Confusion Surrounds Fighting in Taliban Heartland | Europe| News and current affairs from around the continent | DW | 15.11.2001
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Confusion Surrounds Fighting in Taliban Heartland

Unconfirmed reports of the Northern Alliance seizing the Taliban stronghold are circulating. But there's still no word on the whereabouts of Bin Laden.


A Northern Alliance Sniper

There is utter confusion regarding who controls what in the Taliban heartland in the south. Though the Taliban have obviously abandoned Kabul, it’s not clear whether they are just lying low before striking back.

There was no independent confirmation of any of the reports.

The Taliban have lost control of their southern stronghold of Kandahar and the city is is "total chaos", Northern Alliance Foreign Minister Abdullah Abdullah told Iran's state television on Wednesday.

"Now the Taliban have less than 20 percent of the territory of Afghanistan".

But earlier Taliban deputy ambassador Sohail Shaheen said on Wednesday that the militia was regrouping after a tactical withdrawal from major cities and was forming a new plan.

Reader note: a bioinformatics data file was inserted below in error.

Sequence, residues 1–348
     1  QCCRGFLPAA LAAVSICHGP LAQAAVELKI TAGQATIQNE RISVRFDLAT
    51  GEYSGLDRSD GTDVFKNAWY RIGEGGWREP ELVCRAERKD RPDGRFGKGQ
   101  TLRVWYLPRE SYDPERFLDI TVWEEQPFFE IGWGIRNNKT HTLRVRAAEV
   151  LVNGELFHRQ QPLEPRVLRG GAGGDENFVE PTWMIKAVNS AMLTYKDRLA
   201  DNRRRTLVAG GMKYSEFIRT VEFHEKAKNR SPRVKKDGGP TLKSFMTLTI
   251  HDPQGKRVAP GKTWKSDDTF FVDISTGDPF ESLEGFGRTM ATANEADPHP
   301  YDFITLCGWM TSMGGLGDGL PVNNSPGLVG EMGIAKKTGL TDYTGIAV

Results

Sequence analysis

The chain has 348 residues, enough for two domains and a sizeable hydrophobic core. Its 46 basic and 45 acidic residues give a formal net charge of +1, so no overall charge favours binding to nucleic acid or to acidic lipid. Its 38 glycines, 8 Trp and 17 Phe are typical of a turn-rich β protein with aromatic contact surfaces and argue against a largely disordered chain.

"About Kabul, we wanted to save the lives of the civilians of Kabul," he said, referring to the fall of the capital to the opposition Northern Alliance on Tuesday.

"For the protection of their lives we withdrew from Kabul," Shaheen said.

The Taliban have reportedly thrown up a defensive line around the southern city of Kandahar, stronghold of Taliban supreme leader Mullah Mohammad Omar

U.S. Defense Secretary Donald Rumsfeld said that American special forces were in southern Afghanistan and Kabul, in addition to teams helping target the Taliban in the north.

Taliban-controlled northeastern provinces of Laghman, Logar, Kunar and Nangahar, populated mainly by the majority ethnic Pashtuns, are also reported to have fallen after local people revolted.

But despite the opposition gains and a $5 million price on his head, there was no word on bin Laden, whom President Bush wants, in his words, "dead or alive".

The Pakistan-based Afghan Islamic Press reported U.S. jets bombing targets around the city of Jalalabad six times during the night and into the morning.

It said later that local mujahideen fighters had wrested Jalalabad from the Taliban.

Jalalabad is surrounded by training camps for Islamic guerrillas of bin Laden's al Qaeda network.

As Taliban rule crumbled, its leader Mullah Omar urged his scattered fighters to stand and fight.

"I order you to completely obey your commanders and not to go hither and thither," the Pakistan-based Afghan Islamic Press quoted him as saying to his troops in an address in the Pashto language over their wireless sets.

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